7- Innovate- React to the customer’s needs before they know they need it. Sell what the customer wants, then give them what they need. How do you know what they need? Take time to talk to them. At a minimum talk to your best customers and learn from each one you’ve lost. Find out what they would like and what their challenges are. Stay current on market trends in your industry.

8- Leadership vs. Management- Empower your staff to manage themselves. Do you really want to spend your time problem solving? Train them well. Make sure they know the vision of the company and they are on board because there is a personal win in place for them. The personal win gives the employee motivation to cooperate as part of the team.

9- Well Oiled Machine vs. Chaos- Is each section of your business operating efficiently while working together towards a common goal? Or is your team expending time and energy putting out daily fires. What shift would move your business out of crisis/ problem-solving to operating with ease?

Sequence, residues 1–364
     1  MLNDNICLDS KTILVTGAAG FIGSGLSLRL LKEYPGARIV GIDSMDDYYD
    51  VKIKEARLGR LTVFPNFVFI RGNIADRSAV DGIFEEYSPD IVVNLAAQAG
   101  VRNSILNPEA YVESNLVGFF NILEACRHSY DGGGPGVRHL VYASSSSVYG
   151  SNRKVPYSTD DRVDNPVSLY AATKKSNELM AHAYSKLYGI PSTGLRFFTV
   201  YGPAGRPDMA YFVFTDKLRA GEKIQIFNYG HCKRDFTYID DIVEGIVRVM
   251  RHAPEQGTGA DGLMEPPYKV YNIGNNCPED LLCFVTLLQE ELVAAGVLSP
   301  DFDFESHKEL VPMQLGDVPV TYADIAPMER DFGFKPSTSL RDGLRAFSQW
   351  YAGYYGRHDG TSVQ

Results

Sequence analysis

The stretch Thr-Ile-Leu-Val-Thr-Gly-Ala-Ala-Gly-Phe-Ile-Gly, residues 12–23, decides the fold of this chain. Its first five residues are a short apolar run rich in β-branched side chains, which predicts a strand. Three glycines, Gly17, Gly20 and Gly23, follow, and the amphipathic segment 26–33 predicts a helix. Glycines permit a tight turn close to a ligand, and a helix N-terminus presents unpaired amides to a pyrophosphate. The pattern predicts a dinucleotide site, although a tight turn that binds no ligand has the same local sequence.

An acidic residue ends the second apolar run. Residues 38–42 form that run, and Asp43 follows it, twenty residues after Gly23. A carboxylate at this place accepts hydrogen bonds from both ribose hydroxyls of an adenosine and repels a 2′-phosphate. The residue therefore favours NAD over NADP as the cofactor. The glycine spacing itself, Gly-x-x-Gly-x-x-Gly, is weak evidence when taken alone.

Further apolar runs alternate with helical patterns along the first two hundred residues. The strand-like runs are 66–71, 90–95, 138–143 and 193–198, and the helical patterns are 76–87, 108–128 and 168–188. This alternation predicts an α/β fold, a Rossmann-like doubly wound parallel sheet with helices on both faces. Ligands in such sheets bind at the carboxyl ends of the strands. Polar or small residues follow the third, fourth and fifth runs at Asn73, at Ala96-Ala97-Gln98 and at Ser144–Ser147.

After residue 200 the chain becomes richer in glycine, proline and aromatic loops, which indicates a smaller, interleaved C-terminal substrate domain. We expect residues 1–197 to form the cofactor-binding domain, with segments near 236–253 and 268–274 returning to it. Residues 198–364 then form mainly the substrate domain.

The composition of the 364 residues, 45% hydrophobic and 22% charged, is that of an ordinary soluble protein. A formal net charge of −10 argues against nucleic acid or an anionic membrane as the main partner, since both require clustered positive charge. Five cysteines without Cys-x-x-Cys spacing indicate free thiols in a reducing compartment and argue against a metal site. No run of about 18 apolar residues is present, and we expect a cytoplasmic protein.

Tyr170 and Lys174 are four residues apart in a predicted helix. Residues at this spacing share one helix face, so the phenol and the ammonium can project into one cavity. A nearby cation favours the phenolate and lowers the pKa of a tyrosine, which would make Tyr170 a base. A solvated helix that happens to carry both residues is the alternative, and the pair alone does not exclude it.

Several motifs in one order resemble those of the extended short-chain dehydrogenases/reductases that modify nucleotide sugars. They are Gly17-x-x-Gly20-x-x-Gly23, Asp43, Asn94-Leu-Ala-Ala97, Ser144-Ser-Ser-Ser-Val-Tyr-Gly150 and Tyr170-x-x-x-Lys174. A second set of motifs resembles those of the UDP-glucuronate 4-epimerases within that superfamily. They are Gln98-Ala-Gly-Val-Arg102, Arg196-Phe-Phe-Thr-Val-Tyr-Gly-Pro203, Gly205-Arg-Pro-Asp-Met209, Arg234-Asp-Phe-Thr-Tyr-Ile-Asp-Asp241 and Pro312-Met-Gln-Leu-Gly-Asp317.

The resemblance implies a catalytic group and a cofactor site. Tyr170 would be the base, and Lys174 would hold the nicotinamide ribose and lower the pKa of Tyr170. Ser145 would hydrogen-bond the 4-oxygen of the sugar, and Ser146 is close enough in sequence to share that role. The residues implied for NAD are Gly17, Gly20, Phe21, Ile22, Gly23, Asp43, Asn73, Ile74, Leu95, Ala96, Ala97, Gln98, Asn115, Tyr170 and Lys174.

10- Develop YOU! – Take one minute to hold your breathe. As you are holding think about what you really want. See what happens. You may have had trouble thinking about what you want because your needs were not being met. When you take care of yourself and feel strong, healthy, happy, and have time and space in your life, then you can focus on what you want and attract more to your business.

 

What are Your Priorities?

We read stories in Oprah’s magazine and see on TV all these women who start multi-million dollar businesses while raising their 4 kids and their sister’s 3 kids and all while volunteering at the school. Don’t be fooled! You do not have the same life nor the same opportunities.

Here is what we don’t see – her mom helps take care of the kids and cooks and cleans, her husband fronted the money, she didn’t get more than 3 hours of sleep a night for 6 years, or her kids are completely out of control. Her priorities are not the same as yours and mine. Avoid comparing yourself to others – it is a dangerous trap, and you never know all the facts!

What are your priorities?

For me, raising my two girls as a single/only parent to be responsible, caring, contributing adults is my top priority. A distant second, is growing my business to a place where I work less and make more, and have lots of money for my retirement. Without raising my kids the way I want, it wouldn’t matter how much money I had, I would be miserable. Besides, they will grow up and I will have a shift in my priorities then.